The story itself was a very good read. I had no idea who the perpetrator was and there were a number of occasions where I was tense and eager to read what happened next – I love a book that is able to make things feel suspenseful like in a film, but without all the background music etc. It just proves to me that the writer is really good at what they do.
The only thing that pulled me out of concentration occasionally was when Reichs was explaining where Brennan was going and the layout of the city. The only reason it pulled me out was because all the place names were French so I kept tripping up over the pronunciation of them (even though it was in my head). I’m sure that once I’ve read a few more of the books I will be more used to them and reading more fluidly. And I will definitely be reading more of the series! The writing was fantastic and I really want to know what happens with Brennan and the rest of the characters.
If you like a bit of criminal mystery, with some science thrown in then I highly recommend this book for you to read.
The Bone Garden is written by Tess Gerritsen. It wasn’t what I expected at all. I had assumed that it would be in the series that the TV show Rizzoli and Isles was based on but it was only very loosely linked.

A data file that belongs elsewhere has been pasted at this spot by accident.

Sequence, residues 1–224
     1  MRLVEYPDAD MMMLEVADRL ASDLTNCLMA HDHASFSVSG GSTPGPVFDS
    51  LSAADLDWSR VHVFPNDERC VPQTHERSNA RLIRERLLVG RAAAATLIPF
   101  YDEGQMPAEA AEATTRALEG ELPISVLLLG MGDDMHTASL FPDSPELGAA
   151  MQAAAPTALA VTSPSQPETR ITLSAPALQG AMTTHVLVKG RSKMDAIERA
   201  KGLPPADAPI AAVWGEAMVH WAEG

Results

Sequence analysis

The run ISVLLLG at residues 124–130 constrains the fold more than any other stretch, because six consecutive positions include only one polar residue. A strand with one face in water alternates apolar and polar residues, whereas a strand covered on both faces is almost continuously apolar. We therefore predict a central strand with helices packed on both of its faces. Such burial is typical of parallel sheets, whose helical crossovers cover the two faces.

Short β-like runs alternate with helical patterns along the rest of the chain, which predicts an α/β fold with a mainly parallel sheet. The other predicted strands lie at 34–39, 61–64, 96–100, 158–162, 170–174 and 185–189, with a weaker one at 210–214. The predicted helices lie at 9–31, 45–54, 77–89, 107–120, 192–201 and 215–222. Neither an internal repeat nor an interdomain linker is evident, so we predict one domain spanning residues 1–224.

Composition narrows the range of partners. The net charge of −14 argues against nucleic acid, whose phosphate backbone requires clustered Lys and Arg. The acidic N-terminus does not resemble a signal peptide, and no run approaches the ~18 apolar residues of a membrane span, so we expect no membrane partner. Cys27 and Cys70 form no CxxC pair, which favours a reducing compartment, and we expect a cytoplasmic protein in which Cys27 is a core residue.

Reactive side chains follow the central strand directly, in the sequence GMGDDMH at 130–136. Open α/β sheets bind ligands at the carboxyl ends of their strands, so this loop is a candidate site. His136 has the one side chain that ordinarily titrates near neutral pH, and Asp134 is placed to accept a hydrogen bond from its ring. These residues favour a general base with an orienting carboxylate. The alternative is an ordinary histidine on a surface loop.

The Bone Garden follows the story of, you guessed it, some bones found in a garden. It flits between the present and the early 19th-century. Sometimes moving between eras can be confusing and cause the reader problems following the story, but in this case I actually found it very easy to move from the present to the past and back again.
There were lots of characters to keep track of but I found that this wasn’t too difficult. I felt a connection to the four main characters (two in the past and two in the present), and although some of the more peripheral characters were rather two dimensional, the main ones had different facets to their personality and were complicated as all humans are. The characters were described well, both their physical appearance and also their personality.
The handling of the different classes in Boston in the early 19th-century was also interesting. Nowadays it seems Americans are proud of their Irish ancestry and I was quite surprised to see how Irish immigrants were treated and looked on back then. Although unfortunately this is not dissimilar to how immigrants are treated now in many countries, no matter where they’re from. It was interesting to see how things have changed, yet not changed at the same time.